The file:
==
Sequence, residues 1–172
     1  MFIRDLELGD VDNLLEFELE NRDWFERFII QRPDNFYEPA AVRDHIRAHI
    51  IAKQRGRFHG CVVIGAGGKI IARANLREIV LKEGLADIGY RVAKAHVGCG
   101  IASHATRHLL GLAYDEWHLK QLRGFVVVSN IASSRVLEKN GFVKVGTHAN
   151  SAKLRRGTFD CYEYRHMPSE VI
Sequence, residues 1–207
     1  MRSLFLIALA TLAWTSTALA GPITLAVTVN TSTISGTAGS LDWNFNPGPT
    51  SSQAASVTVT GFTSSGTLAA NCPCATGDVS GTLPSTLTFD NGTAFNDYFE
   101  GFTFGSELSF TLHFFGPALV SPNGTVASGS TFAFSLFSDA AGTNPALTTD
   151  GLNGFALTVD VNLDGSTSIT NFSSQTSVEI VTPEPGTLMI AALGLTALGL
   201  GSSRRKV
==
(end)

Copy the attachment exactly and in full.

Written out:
Sequence, residues 1–172
     1  MFIRDLELGD VDNLLEFELE NRDWFERFII QRPDNFYEPA AVRDHIRAHI
    51  IAKQRGRFHG CVVIGAGGKI IARANLREIV LKEGLADIGY RVAKAHVGCG
   101  IASHATRHLL GLAYDEWHLK QLRGFVVVSN IASSRVLEKN GFVKVGTHAN
   151  SAKLRRGTFD CYEYRHMPSE VI
Sequence, residues 1–207
     1  MRSLFLIALA TLAWTSTALA GPITLAVTVN TSTISGTAGS LDWNFNPGPT
    51  SSQAASVTVT GFTSSGTLAA NCPCATGDVS GTLPSTLTFD NGTAFNDYFE
   101  GFTFGSELSF TLHFFGPALV SPNGTVASGS TFAFSLFSDA AGTNPALTTD
   151  GLNGFALTVD VNLDGSTSIT NFSSQTSVEI VTPEPGTLMI AALGLTALGL
   201  GSSRRKV